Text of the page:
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4 Things Eco-Friendly Farmers are Doing Now for a Greener Future

Traditionally, farmers have always known that maintaining a healthy environment is essential to their livelihood. As a result, they have been open to new practices to ensure that they can continue their work for the benefit of all. Here are 4 ways modern farming is helping to make food production more eco-friendly to help sustain the planet.

Soil Protection

Growing crops takes nutrients from the soil and predisposes it to problems with certain types of insects. Research has given farmers a new understanding of how to plant crops to conserve the soil, reduce erosion and minimize the damage from chemical herbicides and fertilizers. Rotating crops, planting trees and shrubs in fields to mimic the natural environment and using cover crops to re-vitalize the soil can help to minimize damage caused by farming.

Reduced Energy Consumption

Today’s farmers are more vigilant about the energy they use, both for sustainability and to reduce expenses. They are more likely to use update, energy-efficient equipment and use vehicles such as tractors and trucks with greater precision, using GPS and other types of technology to restrict fuel use.

Conserving Water

Farmers have revamped the way they use water, using more efficient methods for irrigation, automated systems for irrigation to accommodate weather changes and recycling of water that ensure good use of this important resource. Some farmers employ drone technology to provide visual monitoring of their fields to ensure crops receive irrigation only when they need it. Planting drought resistant species also helps them to use less water so that it can go further to produce abundant yields to feed the nation.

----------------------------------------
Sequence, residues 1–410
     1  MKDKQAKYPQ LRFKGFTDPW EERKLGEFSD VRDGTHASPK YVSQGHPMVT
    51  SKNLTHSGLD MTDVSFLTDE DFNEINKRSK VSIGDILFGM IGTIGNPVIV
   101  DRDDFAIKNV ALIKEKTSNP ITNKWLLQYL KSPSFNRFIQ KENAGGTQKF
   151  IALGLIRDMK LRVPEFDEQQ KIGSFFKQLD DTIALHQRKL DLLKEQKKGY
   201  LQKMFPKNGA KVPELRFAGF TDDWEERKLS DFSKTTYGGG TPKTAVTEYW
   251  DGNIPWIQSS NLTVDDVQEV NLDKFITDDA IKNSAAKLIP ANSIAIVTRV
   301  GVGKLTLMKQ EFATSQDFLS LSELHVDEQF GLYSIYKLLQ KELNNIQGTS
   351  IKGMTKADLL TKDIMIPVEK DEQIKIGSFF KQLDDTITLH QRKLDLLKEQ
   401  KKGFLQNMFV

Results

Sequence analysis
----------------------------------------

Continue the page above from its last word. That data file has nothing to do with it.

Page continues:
Using Integrated Pest Management to Reduce Pollution

Integrated Pest Management is a system of science-based methods to control the damage by insects to food crops and other plants, using strategies found in nature. These strategies may involve the use of biological species that feed off damaging insects, the use of plant species that help to repel insects, changing plant culture methods and using insect-resistant plant species, instead of the use of manufactured chemicals to eliminate damage to crops. Today’s rural sheds are more likely to contain more eco-friendly products than the chemical insecticides of past days.

Science and technology are helping farmers develop new ways to improve crop production and conserve natural resources for the present and the future. They are on the front lines of employing innovations to optimize the use of water, soil and chemicals, to ensure that their work is an intrinsic part of sustaining the planet for generations to come.

Anita Ginsburg, the author, is a Freelance Writer

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